Performance explores Bard’s ties to music

Yale Collegium Musicum, a graduate and undergraduate student music ensemble, performed Elizabethan music at the Beinecke.
Yale Collegium Musicum, a graduate and undergraduate student music ensemble, performed Elizabethan music at the Beinecke. Photo by Harrison Korn.

On Wednesday afternoon, visitors to the Beinecke Rare Book & Manuscript library got a taste of William Shakespeare’s writing playlist.

Under the direction of music professors Grant Herreid and Robert Mealy, the Yale Collegium Musicum performed a repertoire of musical pieces that influenced the Bard’s plays at the library. Dedicated to exploring music from before the 1800s, the graduate and undergraduate student music ensemble highlighted the function of Shakespeare’s musical choices in his plays.

“In a theatrical tradition that utilized very little in the way of painted scenery and props, the power of music to amplify the setting and emotional tone of a scene was exploited by Shakespeare and his colleagues,” said Herreid.

While singers in the Collegium Musicum sang Shakespeare’s lyrics, the musicians played instruments dating from the Bard’s day, including drums made from cow’s skin and a viola da gamba, a string instrument used during the Renaissance and Baroque periods.

In most of the performances, Herreid sang and played the lute, flanked by singers dressed in black. The works played included Desdemona’s “Willow Song” from “Othello,” dance numbers featured in several plays and Feste’s musical ponderings on love in “Twelfth Night.” In between songs, performers read lines from Shakespearean plays, giving the event the feel of a theatrical production.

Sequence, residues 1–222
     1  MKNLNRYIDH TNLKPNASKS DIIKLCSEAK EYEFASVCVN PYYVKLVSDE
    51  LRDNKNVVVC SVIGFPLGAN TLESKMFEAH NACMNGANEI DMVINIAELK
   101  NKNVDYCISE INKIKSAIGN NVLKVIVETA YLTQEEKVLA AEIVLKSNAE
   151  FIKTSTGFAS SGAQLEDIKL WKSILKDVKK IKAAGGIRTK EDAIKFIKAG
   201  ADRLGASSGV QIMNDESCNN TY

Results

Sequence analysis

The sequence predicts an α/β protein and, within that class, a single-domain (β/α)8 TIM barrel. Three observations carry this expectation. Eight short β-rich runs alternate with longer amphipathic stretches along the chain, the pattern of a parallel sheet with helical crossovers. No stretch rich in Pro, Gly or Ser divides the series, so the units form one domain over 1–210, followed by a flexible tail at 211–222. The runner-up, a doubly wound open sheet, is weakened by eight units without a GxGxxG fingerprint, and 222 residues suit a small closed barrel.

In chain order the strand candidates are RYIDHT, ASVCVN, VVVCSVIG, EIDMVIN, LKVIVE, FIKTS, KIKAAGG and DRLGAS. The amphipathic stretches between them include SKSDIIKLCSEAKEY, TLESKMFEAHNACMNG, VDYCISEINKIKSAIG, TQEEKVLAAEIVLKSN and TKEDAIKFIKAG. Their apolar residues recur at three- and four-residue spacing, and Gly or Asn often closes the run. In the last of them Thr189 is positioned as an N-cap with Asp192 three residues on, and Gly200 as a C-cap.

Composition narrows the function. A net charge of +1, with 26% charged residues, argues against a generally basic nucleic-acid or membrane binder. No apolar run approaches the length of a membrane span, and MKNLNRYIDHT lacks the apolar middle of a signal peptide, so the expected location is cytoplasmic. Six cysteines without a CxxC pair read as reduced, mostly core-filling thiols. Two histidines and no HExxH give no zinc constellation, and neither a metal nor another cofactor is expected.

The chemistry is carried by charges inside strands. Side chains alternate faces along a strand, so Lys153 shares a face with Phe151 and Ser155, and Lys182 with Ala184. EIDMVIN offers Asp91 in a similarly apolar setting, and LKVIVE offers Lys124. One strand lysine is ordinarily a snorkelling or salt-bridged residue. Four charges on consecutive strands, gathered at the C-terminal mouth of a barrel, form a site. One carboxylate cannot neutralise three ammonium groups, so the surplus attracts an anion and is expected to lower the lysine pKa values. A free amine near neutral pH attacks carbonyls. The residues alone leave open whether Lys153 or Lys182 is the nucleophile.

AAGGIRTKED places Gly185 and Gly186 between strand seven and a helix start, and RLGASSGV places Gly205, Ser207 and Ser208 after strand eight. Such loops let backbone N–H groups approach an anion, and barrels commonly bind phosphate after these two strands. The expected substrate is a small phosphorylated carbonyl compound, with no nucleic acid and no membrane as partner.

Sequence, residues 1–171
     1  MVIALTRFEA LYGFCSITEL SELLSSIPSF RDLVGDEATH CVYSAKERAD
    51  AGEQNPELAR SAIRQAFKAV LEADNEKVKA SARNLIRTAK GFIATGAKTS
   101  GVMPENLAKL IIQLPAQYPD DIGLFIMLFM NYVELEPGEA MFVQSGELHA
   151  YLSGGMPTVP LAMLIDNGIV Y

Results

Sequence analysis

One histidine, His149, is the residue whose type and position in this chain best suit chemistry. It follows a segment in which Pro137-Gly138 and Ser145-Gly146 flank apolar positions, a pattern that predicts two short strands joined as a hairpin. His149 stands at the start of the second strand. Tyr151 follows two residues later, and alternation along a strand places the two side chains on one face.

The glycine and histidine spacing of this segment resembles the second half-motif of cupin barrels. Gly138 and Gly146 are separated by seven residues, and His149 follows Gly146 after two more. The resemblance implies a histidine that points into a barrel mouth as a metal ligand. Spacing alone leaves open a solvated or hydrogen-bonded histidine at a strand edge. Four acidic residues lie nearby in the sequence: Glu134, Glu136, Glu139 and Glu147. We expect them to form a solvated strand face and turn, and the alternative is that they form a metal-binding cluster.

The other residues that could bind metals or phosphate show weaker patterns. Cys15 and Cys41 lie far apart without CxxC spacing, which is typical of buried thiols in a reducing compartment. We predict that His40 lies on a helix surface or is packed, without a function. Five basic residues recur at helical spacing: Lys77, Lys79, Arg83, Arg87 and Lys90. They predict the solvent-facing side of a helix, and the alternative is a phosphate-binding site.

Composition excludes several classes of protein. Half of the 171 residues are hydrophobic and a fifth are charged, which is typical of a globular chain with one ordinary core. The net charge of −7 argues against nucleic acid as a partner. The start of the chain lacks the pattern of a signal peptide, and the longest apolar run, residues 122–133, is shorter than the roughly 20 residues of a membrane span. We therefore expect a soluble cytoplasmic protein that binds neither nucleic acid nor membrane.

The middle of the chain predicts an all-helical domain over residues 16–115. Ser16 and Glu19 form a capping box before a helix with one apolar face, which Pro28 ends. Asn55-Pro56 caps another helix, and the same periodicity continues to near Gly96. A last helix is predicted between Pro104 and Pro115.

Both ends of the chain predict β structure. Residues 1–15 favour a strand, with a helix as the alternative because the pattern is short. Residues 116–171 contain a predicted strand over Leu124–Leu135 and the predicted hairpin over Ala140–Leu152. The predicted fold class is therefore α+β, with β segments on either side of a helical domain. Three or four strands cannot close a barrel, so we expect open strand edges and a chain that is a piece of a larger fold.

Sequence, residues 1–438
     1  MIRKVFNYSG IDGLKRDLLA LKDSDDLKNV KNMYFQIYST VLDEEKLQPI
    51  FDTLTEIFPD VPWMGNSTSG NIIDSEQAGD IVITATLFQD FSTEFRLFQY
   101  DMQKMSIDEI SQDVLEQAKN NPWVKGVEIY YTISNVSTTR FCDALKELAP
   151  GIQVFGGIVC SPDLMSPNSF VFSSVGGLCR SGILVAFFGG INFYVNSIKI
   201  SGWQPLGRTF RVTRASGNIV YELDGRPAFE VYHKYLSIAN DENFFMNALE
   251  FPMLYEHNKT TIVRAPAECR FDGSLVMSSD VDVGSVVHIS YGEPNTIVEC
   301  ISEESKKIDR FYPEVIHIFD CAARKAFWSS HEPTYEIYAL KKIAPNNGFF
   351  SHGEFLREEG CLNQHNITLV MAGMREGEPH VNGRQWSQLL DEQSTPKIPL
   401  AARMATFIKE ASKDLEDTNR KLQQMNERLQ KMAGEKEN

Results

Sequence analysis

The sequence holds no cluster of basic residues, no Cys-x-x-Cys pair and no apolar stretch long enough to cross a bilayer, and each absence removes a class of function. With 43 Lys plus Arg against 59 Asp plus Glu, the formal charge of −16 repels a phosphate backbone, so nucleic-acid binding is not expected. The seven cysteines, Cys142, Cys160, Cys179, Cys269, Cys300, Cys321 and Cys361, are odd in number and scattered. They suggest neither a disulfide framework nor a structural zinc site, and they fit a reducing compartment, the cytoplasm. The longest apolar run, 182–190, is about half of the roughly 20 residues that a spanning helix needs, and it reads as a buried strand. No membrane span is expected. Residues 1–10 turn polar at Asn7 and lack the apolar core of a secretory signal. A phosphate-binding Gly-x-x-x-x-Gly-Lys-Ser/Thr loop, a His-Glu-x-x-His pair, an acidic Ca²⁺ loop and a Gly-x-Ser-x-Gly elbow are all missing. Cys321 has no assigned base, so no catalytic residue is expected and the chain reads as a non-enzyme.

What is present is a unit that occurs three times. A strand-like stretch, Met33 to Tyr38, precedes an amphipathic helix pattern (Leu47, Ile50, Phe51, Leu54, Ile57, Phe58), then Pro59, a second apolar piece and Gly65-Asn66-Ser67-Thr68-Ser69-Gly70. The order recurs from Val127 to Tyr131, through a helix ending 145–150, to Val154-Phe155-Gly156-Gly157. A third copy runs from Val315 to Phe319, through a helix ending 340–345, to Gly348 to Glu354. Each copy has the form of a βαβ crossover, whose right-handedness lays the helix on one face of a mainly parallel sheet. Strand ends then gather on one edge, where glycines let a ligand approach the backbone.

Although many of the lyrics in the music performed were written by Shakespeare himself, the music was written by outside composers, said Collegium Musicum vocalist Emily Langowitz ’12, adding that she was interested in learning how the Bard’s words had been interpreted into music.

In a talk preceding the performance, Herried explained that while almost all of Shakespeare’s plays contained music, lyrics were never accompanied by a score, and it was up to each theater company to put the words to a tune. Most of the songs in Shakespeare’s plays do not directly develop the plot, Herreid added, but rather contribute to the overall mood of the show.

The Collegium Musicum is tied to a course currently taught by Herreid called “The Analysis and Performance of Early Music,” which Herreid said gives students a unique chance to both perform and analyze a specialized variety of classical music. In addition to researching manuscripts and prints from the Beinecke’s collection, the Collegium Musicum also uses the library as a performance space several times a year.

By the end of the lecture, the upper level of the Beinecke where the performance took place was been filled to capacity with spectators. Audience members interviewed said they appreciated the authenticity of the performance.

Next Wednesday, the Beinecke will feature a talk entitled “Vulgar Venus and Politic Poetry: Reading Shakespeare in the Renaissance.”

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